Ask Floh: What is a MiTM (man-in-the-middle) attack?
On today’s episode of Ask Floh, Floh dives into some technical territory and explains what man-in-the-middle (MiTM) attacks are and how you can protect yourself.
- Generally, a MiTM attack means an intruder has intercepted a conversation between two parties.
- There are many ways a MiTM attack could happen in the network.
- Use HTTPS; it’s the #1 thing you can do defend against MiTM website attacks.
- If you need stronger guarantees that you’re talking to the correct person, use end-to-end encryption (E2EE).
- E2EE provides mechanisms, like public key authentication, to make sure that you’re talking to the right person.
- E2EE apps also notify you if there’s a change in public key or identity–a sign of a potential MiTM attack.
Hello. Welcome back. This is Ask Floh, your favourite security Q&A show.
And I’m here with a question from just around the corner, Marie in Montreal would like to know:
“What exactly is a man-in-middle attack, and how can I prevent it from happening to me?”
Alright, so there are many different kinds of levels of man-in-middle attacks. But the idea is, generally you’re over here, and you’re talking to someone over here. And someone inserts themselves in the middle, intercepts your conversation and pretends to be the other party. So this can happen technically, in a number of different ways.
One of the ways is, for example, if you’re talking to a website, so there’s you, and there’s the website that’s the other end and you’re, you know, I don’t know, submitting some form data, you’re reading something, and some intruder gets somehow between you and that website.
That can be for example, in your company router, your home router, the Wi-Fi router at the cafe that you’re at, or it can be, you know, a number of different ways. But the idea is that it’s somewhere in the network between you and wherever that website is hosted. And so what that can mean is that if you’re filling out, you know, like, I don’t know, some insurance forms or something like that online, those can end up going to the attacker that has done a man-in-middle attack.
The number one thing that you can do to prevent against this is use HTTPS. And that’s not necessarily up to you. It’s up to the website. So this is why you should care about the little lock that shows up in the browser, which guarantees (to a point) that you’re talking to the correct website, and the data between you and the website is encrypted.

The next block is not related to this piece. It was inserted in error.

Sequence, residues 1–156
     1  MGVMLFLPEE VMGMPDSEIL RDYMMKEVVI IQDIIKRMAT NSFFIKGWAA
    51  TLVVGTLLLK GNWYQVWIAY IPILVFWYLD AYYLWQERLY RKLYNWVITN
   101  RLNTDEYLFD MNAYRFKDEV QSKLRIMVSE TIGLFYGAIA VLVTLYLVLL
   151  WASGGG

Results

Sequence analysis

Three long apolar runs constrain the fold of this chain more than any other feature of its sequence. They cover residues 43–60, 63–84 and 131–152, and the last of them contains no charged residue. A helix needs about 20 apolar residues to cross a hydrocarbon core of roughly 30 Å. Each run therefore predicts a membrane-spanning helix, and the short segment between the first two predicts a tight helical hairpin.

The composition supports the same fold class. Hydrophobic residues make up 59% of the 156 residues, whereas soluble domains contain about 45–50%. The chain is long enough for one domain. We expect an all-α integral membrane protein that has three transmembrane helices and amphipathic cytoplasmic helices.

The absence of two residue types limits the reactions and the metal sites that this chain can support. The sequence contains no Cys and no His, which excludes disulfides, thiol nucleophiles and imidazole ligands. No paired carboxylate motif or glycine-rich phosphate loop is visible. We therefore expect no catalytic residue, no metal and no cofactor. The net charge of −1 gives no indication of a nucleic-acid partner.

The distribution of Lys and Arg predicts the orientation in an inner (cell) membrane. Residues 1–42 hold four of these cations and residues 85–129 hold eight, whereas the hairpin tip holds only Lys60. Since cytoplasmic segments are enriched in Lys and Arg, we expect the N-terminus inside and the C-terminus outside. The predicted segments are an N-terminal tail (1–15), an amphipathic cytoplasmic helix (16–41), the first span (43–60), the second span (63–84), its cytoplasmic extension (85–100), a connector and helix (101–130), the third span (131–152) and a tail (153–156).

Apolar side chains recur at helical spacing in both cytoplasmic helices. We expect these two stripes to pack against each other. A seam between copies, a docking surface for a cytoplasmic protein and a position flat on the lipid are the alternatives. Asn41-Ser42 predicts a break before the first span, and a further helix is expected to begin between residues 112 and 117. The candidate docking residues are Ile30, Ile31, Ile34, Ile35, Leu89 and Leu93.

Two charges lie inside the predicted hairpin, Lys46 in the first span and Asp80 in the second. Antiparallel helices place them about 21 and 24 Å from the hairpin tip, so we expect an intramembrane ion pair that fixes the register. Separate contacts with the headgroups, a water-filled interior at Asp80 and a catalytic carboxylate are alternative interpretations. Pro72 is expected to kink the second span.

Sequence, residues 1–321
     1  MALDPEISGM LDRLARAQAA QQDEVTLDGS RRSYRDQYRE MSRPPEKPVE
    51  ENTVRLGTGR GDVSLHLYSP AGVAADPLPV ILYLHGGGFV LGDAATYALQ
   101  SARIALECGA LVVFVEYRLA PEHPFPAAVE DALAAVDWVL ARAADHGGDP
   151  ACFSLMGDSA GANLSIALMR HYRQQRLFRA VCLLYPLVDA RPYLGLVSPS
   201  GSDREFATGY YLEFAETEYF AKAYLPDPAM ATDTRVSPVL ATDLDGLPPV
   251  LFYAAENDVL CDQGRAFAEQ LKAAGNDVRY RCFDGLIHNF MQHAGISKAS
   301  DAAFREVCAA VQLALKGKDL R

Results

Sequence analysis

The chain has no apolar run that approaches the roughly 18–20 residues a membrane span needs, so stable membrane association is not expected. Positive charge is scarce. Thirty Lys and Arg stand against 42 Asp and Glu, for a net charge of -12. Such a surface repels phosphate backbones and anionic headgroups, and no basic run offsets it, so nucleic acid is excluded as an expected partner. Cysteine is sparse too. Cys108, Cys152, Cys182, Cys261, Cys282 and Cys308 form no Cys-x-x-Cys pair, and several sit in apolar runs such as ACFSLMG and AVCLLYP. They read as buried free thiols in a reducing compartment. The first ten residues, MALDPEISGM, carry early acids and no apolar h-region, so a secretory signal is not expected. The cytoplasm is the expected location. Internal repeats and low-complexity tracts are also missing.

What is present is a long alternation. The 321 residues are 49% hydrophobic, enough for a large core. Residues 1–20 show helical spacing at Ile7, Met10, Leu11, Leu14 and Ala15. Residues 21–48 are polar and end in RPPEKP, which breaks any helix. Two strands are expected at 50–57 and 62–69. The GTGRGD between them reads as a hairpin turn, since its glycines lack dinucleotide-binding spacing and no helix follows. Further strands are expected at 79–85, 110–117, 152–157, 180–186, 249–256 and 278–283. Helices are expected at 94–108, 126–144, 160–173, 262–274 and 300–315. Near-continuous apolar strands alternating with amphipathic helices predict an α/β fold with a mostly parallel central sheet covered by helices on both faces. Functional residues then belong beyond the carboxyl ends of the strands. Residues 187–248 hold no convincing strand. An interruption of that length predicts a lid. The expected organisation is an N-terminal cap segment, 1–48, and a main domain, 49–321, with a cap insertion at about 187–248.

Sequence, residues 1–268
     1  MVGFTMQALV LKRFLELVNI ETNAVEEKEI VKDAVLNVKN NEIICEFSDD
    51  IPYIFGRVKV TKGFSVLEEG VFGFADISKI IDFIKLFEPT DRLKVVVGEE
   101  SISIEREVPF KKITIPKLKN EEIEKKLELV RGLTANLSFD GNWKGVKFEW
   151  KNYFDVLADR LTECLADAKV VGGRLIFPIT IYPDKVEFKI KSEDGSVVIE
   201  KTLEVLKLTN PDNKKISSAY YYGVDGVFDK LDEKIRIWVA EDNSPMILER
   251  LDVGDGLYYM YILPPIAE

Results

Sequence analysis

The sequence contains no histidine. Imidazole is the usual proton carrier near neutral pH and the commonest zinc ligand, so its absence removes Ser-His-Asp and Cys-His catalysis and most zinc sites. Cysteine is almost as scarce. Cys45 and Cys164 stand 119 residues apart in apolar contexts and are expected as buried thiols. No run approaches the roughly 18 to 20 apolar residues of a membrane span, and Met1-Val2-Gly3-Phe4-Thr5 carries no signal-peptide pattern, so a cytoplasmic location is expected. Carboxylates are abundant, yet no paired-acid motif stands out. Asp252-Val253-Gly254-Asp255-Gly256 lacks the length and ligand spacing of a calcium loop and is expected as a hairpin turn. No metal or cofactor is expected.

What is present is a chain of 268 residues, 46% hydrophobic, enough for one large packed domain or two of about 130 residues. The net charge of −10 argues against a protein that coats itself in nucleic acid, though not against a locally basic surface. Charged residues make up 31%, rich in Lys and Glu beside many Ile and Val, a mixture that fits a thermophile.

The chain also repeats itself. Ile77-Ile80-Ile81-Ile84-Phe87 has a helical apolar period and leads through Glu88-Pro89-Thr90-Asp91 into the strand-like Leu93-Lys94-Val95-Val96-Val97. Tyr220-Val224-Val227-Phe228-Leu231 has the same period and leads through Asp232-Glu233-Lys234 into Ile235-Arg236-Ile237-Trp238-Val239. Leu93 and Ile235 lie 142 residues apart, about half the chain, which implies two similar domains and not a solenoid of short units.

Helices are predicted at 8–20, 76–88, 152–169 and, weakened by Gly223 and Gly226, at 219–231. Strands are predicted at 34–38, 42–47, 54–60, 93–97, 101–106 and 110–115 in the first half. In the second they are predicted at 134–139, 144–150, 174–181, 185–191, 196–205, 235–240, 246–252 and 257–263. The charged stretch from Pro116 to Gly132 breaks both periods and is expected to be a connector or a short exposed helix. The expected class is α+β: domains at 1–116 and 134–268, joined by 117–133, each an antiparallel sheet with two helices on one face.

One thing that’s really important to know about encryption is that encryption doesn’t just guarantee the confidentiality of data. But it also as part of the system that sort of provides authentication and proof of the identity of a website and a company. And so this is something that’s built into your browser and built into your computer. But there’s a very complicated mechanism for ensuring the authenticity of websites through HTTPS.
Now, we can take this level further. So this doesn’t necessarily have to be a website, this could be some kind of application. And there’s also many ways that the website or application could be compromised along with their HTTPS connection.
Whenever you’re not just talking to a website, where you’re talking to another person, maybe you want stronger guarantees that you’re talking to the correct person. And so in that case, maybe you want to go for end-to-end encryption. And a good end-to-end encryption application is going to provide these sorts of mechanisms and proofs that you’re talking to the correct person in some form.
For example, there might be something like public key authentication that you can do to make sure that you’re talking to the right person. And then under the hood, there should be something that makes sure that when you’ve established a communication with someone, with a user on service, if something goes wrong, and suddenly the encryption keys, or the identity of that person changes, you’re notified.
So for example, in Peerio, we have something called a Peerio ID number. And whenever that changes, you’ll see warnings all over the application. And in an application like WhatsApp, you might see this person’s security code has changed or something like that. So these are the kinds of mechanisms that are there to let you know that there might be a man-in-middle attack or something of the sort.
Basically, just to wrap it up to summarize, I know that that went into some deep technical territory. But basically, what you want is encryption, and you want to use an encryption provider that is reputable and trusted, and you want to maybe read a little bit about what that encryption provider is giving you, and what the mechanisms against man-in-middle attack look like in the application itself, in the user interface. And then when you’re just talking to a website, you want to make sure that there’s that little lock 🔒 that says this is a HTTPS secure connection.
I hope that was helpful. I know it was a bit of a handful and good luck with that and take care. Bye bye.
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